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Thread: Sick father advice

  1. #1
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    Default Sick father advice

    My father has been battling lung cancer for about 5 years now and his general health is declining rapidly.

    He lives with a roommate for the past 15 years (parents split over 25 years ago) but I'm getting pressure from him his good friend that he needs "to be with family". I'm unable to take him in my home as I'm at work all day so it doesn't make it any easier. Not sure if his brother will step up to the plate either.

    Are there any hospice type of places I can bring him in where he can get the care he needs? Any advice would be greatly appreciated.

    Thank you

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    His Dr would come up with some options if his health is that bad. I'd start there. It's not easy to care for a super sick person at home. It's full time commitment.

    Whats your dad wanting to do? Have you had any conversations with him on this exact topic?

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    Assisted living may be more appropriate than hospice.

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    Quote Originally Posted by gwill View Post
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    His Dr would come up with some options if his health is that bad. I'd start there. It's not easy to care for a super sick person at home. It's full time commitment.

    Whats your dad wanting to do? Have you had any conversations with him on this exact topic?
    He has hinted at coming living with me before but I don't get why he thinks that's the best solution.

    He is a stubborn man and sometimes doesn't think things through. He's currently at the hospital now for the second time today but currently don't know which one. I'll start calling and see if I can get a hold of his doctor

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    That sounds like a difficult situation.
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    my dad's health went sideways late last year. We tried to assist at home before he passed away. It was 100x harder to do than we planned. In the end he spent more time in the hospitals than at our house and we had ambulances showing up within 24 hrs after he was released from the hospital almost everytime.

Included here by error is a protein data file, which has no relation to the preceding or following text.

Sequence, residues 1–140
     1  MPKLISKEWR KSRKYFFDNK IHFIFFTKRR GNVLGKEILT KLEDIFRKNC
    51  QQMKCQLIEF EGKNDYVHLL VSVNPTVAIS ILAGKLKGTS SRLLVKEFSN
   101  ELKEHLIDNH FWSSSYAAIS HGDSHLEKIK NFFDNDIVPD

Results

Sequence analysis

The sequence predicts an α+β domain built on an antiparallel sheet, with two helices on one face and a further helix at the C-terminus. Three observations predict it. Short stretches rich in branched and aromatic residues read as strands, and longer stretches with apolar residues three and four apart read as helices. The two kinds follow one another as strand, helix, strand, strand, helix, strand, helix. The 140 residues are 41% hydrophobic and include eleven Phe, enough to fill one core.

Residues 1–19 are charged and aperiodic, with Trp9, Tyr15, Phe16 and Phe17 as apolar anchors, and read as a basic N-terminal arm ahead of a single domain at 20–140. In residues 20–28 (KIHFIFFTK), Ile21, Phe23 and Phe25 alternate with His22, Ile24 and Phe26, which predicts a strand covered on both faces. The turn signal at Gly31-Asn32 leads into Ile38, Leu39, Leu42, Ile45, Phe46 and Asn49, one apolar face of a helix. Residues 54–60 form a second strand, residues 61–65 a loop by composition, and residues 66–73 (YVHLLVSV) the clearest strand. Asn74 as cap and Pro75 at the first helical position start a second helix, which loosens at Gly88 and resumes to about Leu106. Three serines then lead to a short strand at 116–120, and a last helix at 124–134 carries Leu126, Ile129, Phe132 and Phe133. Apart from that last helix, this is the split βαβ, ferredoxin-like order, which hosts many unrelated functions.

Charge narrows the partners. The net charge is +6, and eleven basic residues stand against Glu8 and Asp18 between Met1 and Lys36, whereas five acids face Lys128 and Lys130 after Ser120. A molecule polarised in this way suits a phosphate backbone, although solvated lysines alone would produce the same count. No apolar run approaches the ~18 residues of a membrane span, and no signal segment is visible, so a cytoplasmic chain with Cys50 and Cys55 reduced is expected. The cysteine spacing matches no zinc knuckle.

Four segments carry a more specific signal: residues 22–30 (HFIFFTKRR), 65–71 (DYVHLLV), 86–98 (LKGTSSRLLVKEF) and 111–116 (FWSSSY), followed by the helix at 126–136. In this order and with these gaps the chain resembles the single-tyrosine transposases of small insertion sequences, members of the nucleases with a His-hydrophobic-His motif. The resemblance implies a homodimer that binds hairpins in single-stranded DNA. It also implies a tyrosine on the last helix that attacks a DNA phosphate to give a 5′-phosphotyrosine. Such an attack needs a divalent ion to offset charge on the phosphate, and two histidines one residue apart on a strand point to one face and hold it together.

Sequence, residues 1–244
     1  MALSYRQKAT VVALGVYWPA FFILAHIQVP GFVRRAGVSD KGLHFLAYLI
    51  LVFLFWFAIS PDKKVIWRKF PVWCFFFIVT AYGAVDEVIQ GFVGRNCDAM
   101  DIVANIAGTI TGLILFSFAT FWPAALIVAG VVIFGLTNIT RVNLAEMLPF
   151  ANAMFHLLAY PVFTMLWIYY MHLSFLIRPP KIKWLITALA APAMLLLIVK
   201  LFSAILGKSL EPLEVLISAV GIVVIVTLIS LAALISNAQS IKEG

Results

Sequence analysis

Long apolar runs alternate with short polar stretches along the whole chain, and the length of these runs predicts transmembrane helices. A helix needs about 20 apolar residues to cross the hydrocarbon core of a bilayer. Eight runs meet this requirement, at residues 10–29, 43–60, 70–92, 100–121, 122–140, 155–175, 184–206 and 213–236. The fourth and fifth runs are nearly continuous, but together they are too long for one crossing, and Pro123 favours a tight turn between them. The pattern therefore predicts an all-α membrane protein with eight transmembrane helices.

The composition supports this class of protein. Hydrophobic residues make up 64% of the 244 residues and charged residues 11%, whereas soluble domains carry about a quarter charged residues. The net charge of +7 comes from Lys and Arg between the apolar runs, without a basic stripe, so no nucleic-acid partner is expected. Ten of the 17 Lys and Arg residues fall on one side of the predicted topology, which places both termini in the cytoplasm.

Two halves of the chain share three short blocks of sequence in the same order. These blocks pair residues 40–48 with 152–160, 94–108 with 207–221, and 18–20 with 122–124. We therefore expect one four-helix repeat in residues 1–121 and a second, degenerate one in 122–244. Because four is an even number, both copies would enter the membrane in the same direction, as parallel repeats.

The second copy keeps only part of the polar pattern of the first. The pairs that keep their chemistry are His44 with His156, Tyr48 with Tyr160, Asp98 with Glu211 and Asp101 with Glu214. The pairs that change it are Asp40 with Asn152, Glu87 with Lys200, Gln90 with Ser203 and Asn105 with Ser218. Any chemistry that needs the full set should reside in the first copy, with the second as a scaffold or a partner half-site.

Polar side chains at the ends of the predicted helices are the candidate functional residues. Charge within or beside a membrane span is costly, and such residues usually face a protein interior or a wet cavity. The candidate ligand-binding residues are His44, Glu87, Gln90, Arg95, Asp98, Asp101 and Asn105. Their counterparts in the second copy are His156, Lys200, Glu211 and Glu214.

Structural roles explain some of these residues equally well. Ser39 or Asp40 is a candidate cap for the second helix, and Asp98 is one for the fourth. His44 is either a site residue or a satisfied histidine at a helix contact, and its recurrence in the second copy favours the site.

Best thing to do is have the hard conversation with him. Might help having the Dr present. In the end there's no easy answer.

    My dad was equally stubborn. When he decided it was time he took his oxygen mask off and wouldn't let me put it back on.

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    Quote Originally Posted by gwill View Post
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    my dad's health went sideways late last year. We tried to assist at home before he passed away. It was 100x harder to do than we planned. In the end he spent more time in the hospitals than at our house and we had ambulances showing up within 24 hrs after he was released from the hospital almost everytime.

    Best thing to do is have the hard conversation with him. Might help having the Dr present. In the end there's no easy answer.

    My dad was equally stubborn. When he decided it was time he took his oxygen mask off and wouldn't let me put it back on.
    Sorry to hear about that, that must have been tough.
    Once I get a hold of hi doctor and I'll have that conversation with him.

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    Shrooms and weed.

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    He won't qualify for Hospice unless it's determined that he's terminally ill, plus, is expected to die in (I believe the magic number is) <4 months.
    People who live too long in hospice fuck the system up. The folks I've watched go through did their jobs correctly and perished in mere days.

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    Sorry to hear about what you, your family and your father are going through. All I can say is at times like this the only thing you want around is family so I can certainly see why he wants to do that. If there is even a 10% possibility that that arrangement can work in the last few days of his life, I would personally do whatever I can to allow for that to happen. But I understand, it's easier said than done and many other factors come at play. I hope it all works out for you guys.